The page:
This case presents the question whether the clear-and-convincing-evidence requirement must be considered by a court ruling on a motion for summary judgment under Rule 56 of the Federal Rules of Civil Procedure in a case to which New York Times applies. The United States Court of Appeals for the District of Columbia Circuit held that that requirement need not be considered at the summary judgment stage. 241 U.S.App.D.C. 246, 746 F.2d 1563 (1984). We granted certiorari, 471 U.S. 1134 (1985), because that holding was in conflict with decisions of several other Courts of Appeals, which had held that the New York Times requirement of clear and convincing evidence must be considered on a motion for summary judgment.1 We now reverse.
Respondent Liberty Lobby, Inc., is a not-for-profit corporation and self-described "citizens' lobby." Respondent Willis Carto is its founder and treasurer. In October, 1981,
The Investigator magazine published two articles: "The Private World of Willis Carto" and "Yockey: Profile of an American Hitler." These articles were introduced by a third, shorter article entitled "America's Neo-Nazi Underground: Did Mein Kampf Spawn Yockey's Imperium, a Book Revived by Carto's Liberty Lobby?" These articles portrayed respondents as neo-Nazi, anti-Semitic, racist, and Fascist.
Respondents filed this diversity libel action in the United States District Court for the District of Columbia, alleging that some 28 statements and 2 illustrations in the 3 articles were false and derogatory. Named as defendants in the action were petitioner Jack Anderson, the publisher of The Investigator, petitioner Bill Adkins, president and chief executive officer of the Investigator Publishing Co., and petitioner Investigator Publishing Co. itself.
Following discovery, petitioners moved for summary judgment pursuant to Rule 56. In their motion, petitioners asserted that, because respondents are public figures, they were required to prove their case under the standards set forth in New York Times. Petitioners also asserted that summary judgment was proper because actual malice was absent as a matter of law. In support of this latter assertion, petitioners submitted the affidavit of Charles Bermant, an employee of petitioners and the author of the two longer articles.2 In this affidavit, Bermant stated that he had spent a substantial amount of time researching [106 S.Ct. 2509] and writing the articles, and that his facts were obtained from a wide variety of sources. He also stated that he had at all times believed, and still believed, that the facts contained in the articles were truthful and accurate. Attached to this affidavit was an appendix in which Bermant detailed the sources for each of the statements alleged by respondents to be libelous.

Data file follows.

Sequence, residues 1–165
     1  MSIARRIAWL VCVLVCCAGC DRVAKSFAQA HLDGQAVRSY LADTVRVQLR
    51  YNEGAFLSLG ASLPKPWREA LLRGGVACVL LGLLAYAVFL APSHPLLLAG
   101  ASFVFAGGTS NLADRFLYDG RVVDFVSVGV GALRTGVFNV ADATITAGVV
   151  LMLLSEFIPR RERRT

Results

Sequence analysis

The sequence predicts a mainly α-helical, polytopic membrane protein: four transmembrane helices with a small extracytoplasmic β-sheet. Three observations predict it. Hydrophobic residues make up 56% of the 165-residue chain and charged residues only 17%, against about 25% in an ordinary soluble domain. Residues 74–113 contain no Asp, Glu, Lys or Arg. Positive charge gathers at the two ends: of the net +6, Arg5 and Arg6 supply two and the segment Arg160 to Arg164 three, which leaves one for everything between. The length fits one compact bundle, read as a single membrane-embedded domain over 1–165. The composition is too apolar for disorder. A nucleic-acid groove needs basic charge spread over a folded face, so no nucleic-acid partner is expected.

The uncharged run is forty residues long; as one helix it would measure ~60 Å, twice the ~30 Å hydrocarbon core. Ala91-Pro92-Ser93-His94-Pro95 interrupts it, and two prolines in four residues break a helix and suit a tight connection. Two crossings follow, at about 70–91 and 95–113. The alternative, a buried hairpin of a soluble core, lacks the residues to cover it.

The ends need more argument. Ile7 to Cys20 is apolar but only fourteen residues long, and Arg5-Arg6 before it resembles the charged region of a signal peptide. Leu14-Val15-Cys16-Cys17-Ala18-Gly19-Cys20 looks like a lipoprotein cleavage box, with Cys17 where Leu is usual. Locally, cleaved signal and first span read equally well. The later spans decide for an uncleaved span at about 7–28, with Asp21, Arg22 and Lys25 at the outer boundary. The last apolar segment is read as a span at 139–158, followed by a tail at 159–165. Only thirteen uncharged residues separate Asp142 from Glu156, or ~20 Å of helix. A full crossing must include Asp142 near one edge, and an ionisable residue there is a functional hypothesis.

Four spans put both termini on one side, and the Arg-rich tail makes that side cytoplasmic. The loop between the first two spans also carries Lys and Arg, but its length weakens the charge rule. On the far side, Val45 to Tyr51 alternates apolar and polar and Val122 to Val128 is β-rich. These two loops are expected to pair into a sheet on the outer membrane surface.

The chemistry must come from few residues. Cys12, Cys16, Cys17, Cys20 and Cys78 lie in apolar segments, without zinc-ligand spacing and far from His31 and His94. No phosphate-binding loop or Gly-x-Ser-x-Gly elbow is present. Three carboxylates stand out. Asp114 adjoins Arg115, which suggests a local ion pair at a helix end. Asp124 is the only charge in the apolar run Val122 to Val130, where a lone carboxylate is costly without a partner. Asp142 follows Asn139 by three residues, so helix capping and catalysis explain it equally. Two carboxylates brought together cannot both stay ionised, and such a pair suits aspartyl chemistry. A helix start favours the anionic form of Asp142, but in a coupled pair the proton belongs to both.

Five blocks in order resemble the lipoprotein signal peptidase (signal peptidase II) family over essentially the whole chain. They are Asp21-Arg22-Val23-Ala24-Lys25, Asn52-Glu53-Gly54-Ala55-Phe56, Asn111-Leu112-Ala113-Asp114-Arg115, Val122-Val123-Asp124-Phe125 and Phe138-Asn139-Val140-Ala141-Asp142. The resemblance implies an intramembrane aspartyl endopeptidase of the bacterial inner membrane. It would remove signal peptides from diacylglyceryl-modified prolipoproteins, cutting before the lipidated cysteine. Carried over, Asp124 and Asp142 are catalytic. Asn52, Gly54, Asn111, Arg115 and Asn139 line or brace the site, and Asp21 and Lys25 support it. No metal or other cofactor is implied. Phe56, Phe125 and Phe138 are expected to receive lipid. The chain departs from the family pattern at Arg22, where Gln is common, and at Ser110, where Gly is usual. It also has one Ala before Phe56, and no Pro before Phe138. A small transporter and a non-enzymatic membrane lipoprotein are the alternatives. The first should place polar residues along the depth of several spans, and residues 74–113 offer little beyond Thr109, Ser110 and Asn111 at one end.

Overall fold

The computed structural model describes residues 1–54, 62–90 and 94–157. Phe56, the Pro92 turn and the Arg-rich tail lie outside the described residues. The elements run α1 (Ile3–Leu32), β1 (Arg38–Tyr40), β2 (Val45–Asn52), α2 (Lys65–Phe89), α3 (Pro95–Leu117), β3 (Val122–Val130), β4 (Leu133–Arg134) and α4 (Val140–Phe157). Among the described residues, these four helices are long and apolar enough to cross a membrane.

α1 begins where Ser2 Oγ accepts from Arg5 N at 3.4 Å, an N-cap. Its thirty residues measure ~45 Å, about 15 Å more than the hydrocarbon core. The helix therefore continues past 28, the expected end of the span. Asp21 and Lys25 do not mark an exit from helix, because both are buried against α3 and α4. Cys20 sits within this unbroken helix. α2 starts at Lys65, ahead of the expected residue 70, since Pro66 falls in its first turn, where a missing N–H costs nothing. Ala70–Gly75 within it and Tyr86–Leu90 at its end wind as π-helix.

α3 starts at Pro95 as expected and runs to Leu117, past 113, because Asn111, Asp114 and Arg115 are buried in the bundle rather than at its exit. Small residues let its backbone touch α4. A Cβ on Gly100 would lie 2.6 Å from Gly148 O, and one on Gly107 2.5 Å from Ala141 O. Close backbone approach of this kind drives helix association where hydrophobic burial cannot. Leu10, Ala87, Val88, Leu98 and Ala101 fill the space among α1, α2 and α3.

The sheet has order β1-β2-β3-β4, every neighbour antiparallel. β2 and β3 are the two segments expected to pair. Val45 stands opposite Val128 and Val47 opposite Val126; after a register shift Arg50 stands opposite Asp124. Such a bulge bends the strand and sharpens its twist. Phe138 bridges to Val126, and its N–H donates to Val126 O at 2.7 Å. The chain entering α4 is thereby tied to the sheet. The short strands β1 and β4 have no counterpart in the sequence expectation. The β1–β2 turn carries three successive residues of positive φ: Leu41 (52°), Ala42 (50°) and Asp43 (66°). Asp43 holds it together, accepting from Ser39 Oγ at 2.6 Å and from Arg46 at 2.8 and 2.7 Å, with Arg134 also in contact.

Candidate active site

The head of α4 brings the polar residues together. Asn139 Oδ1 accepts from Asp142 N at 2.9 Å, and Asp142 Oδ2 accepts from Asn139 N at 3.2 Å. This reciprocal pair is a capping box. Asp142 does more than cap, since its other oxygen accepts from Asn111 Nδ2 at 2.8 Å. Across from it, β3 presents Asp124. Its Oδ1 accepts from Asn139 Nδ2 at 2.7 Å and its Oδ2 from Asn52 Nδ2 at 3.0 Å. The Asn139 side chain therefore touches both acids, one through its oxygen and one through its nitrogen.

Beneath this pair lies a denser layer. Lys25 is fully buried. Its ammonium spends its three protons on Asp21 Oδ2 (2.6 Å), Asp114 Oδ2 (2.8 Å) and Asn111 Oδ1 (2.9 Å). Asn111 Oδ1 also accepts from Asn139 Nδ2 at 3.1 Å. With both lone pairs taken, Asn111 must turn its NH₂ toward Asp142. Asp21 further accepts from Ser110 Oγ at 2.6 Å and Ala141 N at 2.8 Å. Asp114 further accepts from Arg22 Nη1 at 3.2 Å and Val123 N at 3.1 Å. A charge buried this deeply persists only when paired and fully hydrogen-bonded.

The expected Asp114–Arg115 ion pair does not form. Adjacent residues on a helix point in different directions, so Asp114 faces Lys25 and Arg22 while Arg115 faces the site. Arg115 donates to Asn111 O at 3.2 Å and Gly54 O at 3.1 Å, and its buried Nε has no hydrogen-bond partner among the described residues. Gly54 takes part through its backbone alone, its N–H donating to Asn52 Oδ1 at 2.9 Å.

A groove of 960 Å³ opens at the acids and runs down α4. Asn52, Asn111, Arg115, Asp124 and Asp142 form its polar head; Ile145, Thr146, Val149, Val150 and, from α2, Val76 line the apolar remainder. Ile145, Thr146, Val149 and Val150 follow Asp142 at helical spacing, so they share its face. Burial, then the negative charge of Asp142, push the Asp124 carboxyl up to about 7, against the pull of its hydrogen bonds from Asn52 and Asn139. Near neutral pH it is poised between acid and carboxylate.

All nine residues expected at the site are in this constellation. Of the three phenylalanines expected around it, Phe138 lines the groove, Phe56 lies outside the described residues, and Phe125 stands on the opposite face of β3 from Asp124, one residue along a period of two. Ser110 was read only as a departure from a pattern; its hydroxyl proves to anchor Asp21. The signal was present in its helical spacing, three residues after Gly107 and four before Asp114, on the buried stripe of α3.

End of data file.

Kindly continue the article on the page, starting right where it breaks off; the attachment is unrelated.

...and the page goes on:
Respondents opposed the motion for summary judgment, asserting that there were numerous inaccuracies in the articles and claiming that an issue of actual malice was presented by virtue of the fact that, in preparing the articles, Bermant had relied on several sources that respondents asserted were patently unreliable. Generally, respondents charged that petitioners had failed adequately to verify their information before publishing. Respondents also presented evidence that William McGaw, an editor of The Investigator, had told petitioner Adkins before publication that the articles were "terrible" and "ridiculous."
In ruling on the motion for summary judgment, the District Court first held that respondents were limited-purpose public figures, and that New York Times therefore applied.3 The District Court then held that Bermant's thorough investigation and research and his reliance on numerous sources precluded a finding of actual malice. Thus, the District Court granted the motion and entered judgment in favor of petitioners.
On appeal, the Court of Appeals affirmed as to 21 and reversed as to 9 of the allegedly defamatory statements. Although it noted that respondents did not challenge the District Court's ruling that they were limited-purpose public
figures, and that they were thus required to prove their case under New York Times, the Court of Appeals nevertheless held that, for the purposes of summary judgment, the requirement that actual malice be proved by clear and convincing evidence, rather than by a preponderance of the evidence, was irrelevant: to defeat summary judgment, respondents did not have to show that a jury could find actual malice with "convincing clarity." The court based this conclusion on a perception that to impose the greater evidentiary burden at summary judgment
would change the threshold summary judgment...